“The collapse of the USSR resulted first of all in a general loss of state authority and considerable fragility of the new nation-states…” Most often than not, the concept of sovereignty has contributed to the confusing place of the United Nations as an interventionist global peacekeeping Army. A Appodorai in his book titled; “The substance of politics” says this of the word sovereignty. “Sovereignty may be defined as the power of the state to make law and enforce the law with all the coercive power it cares to employ.” So how does the United Nations intervene if the people running a government in any part of the globe decide to use the instrumentalist of the national law to promote selfish interests? Amidst the incontrovertible evidence of inherent weakness of the United Nations, the current Secretary-General used the event of the demise of the former UN Secretary-General to remind the world that the forum is still as relevant now even much more than it has always been.
The Secretary-General of the UN, Antonio Guterres, and staff members, remembered former Secretary- General Kofi Annan on Wednesday, describing him as a leader who put people at the centre of the UN work. During a wreath-laying ceremony in New York, Mr. Guterres led staff members in paying respects to Mr. Annan, whom they described as the embodiment of the intergovernmental organization that worked to improve the lives of men and women worldwide.
Kofi Annan died on Saturday at the age of 80 in Switzerland.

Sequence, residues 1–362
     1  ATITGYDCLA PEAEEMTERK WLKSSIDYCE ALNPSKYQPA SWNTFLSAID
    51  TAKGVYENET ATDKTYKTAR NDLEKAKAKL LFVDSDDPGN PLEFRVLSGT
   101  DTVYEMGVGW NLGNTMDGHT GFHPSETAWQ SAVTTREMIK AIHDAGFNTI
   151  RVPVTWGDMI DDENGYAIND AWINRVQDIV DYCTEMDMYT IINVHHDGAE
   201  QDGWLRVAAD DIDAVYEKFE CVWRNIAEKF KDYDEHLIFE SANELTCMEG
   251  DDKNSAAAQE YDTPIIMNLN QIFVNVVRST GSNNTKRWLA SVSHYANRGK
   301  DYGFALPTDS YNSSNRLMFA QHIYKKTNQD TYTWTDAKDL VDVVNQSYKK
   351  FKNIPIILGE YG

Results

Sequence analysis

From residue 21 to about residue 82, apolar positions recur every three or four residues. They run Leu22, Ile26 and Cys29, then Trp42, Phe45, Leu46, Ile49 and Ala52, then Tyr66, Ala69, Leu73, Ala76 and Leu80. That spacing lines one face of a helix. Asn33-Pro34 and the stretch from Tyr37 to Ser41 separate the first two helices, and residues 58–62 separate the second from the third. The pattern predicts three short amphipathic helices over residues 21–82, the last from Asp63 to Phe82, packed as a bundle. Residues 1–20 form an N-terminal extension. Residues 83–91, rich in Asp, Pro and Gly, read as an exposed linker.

The United Nations described Mr. Annan, as a mild-mannered diplomat from Ghana, who rose through the UN system to become its seventh leader in January 1997, serving two consecutive five-year terms till December 2006.
The United Nations system says that Mr. Kofi Annan’s years in office were an exciting time. He put forward new ideas. He brought new people into the United Nations family. He spoke passionately about our mission and role. The late UN scribe reportedly created a renewed sense of possibility both inside and outside our organization about what the UN could do and be for the world’s people.
“He put people at the centre of the work of the United Nations, and was able to turn compassion into action across the UN system,’’ Guterres said. He listed some of the actions Annan took to include uniting world leaders to agree global targets on poverty and child mortality – linchpins of the landmark Millennium Development Goals.
The former UN chief also joined with civil society and the healthcare injury to save lives from HIV and AIDS. As his successor noted, Annan also did not shy away from addressing challenging issues. Annan faced up to the grave errors made by the United Nations in the 1990s – in its response to the Rwanda genocide and the Srebrenica killings – by shining a light inside the UN. The reports he commissioned aimed to make sure such terrible mistakes are never repeated, and set the international community on a new course in its response to mass atrocities,” Mr. Guterres said. Mr. Guterres stated that the passing of his predecessor was “a personal loss’’ for many who worked in the UN system.
Jason Daley wrote that: “Annan, born in Ghana in 1938, was the first leader of the United Nations elected from the organization’s staff. Trained as an economist, he began his work at the U.N. in 1962 as a World Health Organization budget officer. In 1980, he moved to the U.N. refugee agency, reports James Doubek at NPR. In 1993, he was tapped to head peacekeeping operations.